Your garden looks great! I also have my first organic garden this year. I was wondering if you have had any problems with bugs/pests yet, or if you put anything on your garden to help with this? I haven’t had a problem yet but I want to be prepared! Thanks!!

    • Our only problem so far is the damn groundhog that lives in our yard. Luckily he seems to only have a taste for squash leaves so far. We haven’t used anything, not even organic fertilizer, on the garden yet.

  8. My biggest problem in the grocery is passing up $2/pound boneless skinless chicken breasts. (I know, not a vegetable, but still …) I just bought five free-range chickens ($3/pound) from a nearby Amish family and, frankly, it tasted awful! I thought the best use (they’re kind of scrawny) would be for soup, but the flavor will definitely take some getting used to.

    Your garden is lovely. My tomatoes (and almost everything else, except peas) didn’t go into the ground until late May, so they’re not too tall, but they’re full of fruit. I think this year will be a late harvest. I love Chiogga beets, they’re so pretty and unexpected!

  9. It’s not always easy passing on the cheaper vegetables, fruits and meats and purchasing the more local, organic, etc. option. It can be downright challenging.

    I’ve been incorporating one new organic item into my weekly routine, so that it can be a slow process forward. I started with potatoes since we eat a lot of them (especially the peel!) which are high on the pesticide list. Now I’m moving to apples and strawberries.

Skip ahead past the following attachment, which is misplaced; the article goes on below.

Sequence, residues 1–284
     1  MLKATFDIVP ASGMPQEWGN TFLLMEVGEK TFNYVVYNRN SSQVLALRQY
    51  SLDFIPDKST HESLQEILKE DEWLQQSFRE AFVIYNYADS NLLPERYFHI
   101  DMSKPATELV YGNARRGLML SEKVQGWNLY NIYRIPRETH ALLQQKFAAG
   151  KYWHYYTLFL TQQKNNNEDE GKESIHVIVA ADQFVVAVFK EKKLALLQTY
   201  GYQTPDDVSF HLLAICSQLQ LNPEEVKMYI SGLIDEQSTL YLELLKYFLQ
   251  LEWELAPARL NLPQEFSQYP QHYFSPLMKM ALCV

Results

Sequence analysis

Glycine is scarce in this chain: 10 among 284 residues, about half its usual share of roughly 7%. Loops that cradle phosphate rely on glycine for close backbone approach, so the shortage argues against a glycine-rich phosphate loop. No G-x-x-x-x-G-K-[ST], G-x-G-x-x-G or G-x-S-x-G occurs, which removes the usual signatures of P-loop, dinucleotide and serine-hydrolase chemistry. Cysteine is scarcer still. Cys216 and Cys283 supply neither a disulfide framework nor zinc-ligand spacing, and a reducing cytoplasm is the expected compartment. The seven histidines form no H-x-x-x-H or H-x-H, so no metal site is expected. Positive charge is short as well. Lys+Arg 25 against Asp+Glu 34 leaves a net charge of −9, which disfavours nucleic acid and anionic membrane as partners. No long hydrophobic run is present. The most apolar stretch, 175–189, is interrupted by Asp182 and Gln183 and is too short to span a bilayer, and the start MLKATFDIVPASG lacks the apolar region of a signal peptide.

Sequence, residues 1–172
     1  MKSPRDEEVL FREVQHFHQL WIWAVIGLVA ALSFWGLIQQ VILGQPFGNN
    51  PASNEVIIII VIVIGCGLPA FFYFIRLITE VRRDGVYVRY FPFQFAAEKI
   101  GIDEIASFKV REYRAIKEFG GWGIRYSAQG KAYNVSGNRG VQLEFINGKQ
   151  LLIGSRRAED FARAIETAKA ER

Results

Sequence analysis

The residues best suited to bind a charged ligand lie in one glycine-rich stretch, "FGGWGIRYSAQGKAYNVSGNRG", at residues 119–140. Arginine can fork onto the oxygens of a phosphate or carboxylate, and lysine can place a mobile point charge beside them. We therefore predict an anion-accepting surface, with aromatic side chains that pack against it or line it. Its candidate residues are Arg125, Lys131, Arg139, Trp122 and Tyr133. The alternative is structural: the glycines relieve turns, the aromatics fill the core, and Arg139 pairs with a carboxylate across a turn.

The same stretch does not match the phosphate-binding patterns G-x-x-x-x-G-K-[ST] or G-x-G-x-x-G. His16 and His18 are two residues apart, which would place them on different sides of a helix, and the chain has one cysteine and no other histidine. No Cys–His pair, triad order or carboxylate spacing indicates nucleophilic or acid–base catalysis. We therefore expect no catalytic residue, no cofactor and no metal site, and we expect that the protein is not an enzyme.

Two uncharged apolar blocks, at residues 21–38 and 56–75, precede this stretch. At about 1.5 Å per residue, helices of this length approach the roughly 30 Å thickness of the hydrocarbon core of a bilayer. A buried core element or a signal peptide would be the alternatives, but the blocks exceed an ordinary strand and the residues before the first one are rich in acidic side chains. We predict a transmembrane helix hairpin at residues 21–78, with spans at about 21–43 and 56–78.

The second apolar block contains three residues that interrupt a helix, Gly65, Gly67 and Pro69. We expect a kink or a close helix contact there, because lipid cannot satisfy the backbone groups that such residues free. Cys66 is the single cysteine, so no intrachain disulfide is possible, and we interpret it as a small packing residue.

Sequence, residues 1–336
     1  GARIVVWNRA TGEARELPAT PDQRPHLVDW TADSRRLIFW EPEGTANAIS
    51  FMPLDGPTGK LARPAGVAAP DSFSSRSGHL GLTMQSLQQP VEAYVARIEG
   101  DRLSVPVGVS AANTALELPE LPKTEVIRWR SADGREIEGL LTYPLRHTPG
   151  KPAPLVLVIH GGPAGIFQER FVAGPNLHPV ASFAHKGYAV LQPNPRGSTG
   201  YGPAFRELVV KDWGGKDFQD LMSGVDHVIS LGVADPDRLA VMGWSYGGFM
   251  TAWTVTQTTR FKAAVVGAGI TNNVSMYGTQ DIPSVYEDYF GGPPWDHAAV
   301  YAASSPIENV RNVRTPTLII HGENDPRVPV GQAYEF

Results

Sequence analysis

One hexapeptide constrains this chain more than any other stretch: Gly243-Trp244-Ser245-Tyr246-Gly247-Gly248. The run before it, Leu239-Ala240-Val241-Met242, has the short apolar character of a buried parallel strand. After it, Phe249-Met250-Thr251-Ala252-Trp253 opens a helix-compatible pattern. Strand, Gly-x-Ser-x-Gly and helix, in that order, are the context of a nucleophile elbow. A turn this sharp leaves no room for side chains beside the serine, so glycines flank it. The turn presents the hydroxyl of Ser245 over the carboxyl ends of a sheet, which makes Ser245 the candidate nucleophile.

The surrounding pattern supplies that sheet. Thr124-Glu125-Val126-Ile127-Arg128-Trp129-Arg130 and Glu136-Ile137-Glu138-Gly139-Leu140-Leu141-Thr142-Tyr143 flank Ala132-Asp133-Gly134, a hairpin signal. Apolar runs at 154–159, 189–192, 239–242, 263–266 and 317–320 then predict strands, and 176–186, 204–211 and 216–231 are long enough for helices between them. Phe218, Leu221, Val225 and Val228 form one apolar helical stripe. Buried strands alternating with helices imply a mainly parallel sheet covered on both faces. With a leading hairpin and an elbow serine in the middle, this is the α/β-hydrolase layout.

I also think it’s helpful to know that some foods don’t necessarily NEED to be purchased organic (avocado, broccoli, etc.) because their pesticide levels are much lower than the others.

    GREAT post! And gorgeous tomato plants! Mine are still in the 1-2 ft. range…haha. 😀

    • Thanks Sarah. I totally agree, it’s very important to choose wisely when buying organic (unless you have some crazy unlimited grocery budget!) and decide for yourself what is most important. I am super strict about celery, strawberries, milk, and lettice and am working towards following the whole dirty dozen list. For me this sometimes means foregoing something that I want because it feels cost prohibitive but I can usually justify a little extra expense by telling myself “I go out and spend $7 on a glass of wine once or twice a month and don’t think twice about it, I can afford a few extra bucks for the organic ____”.
      Enjoy your tomatoes, they will be filling your plate in no time!

  10. I love that you grow your own veggies! Growing up my dad always had 2 vegetable gardens and when it wasn’t summer, veggies just never tasted the same. I’m so excited to be moving to an apartment soon with space to have a garden so I can now grow my own!!

  11. My tomatoes have outgrown me, too! Every year I say I’m going to be better about pinching them off so they will bush out more, and every year they get taller than me before I can get around to it!

    My garden is doing great, but sadly last night I pulled my zucchini out… the squash bugs were unrelenting, AND it had frass! Damn. My yellow squash will probably meet the same fate in a few weeks. I didn’t have any trouble last year, so I’m disappointed. However, I probably have a hundred green tomatoes, so that is exciting!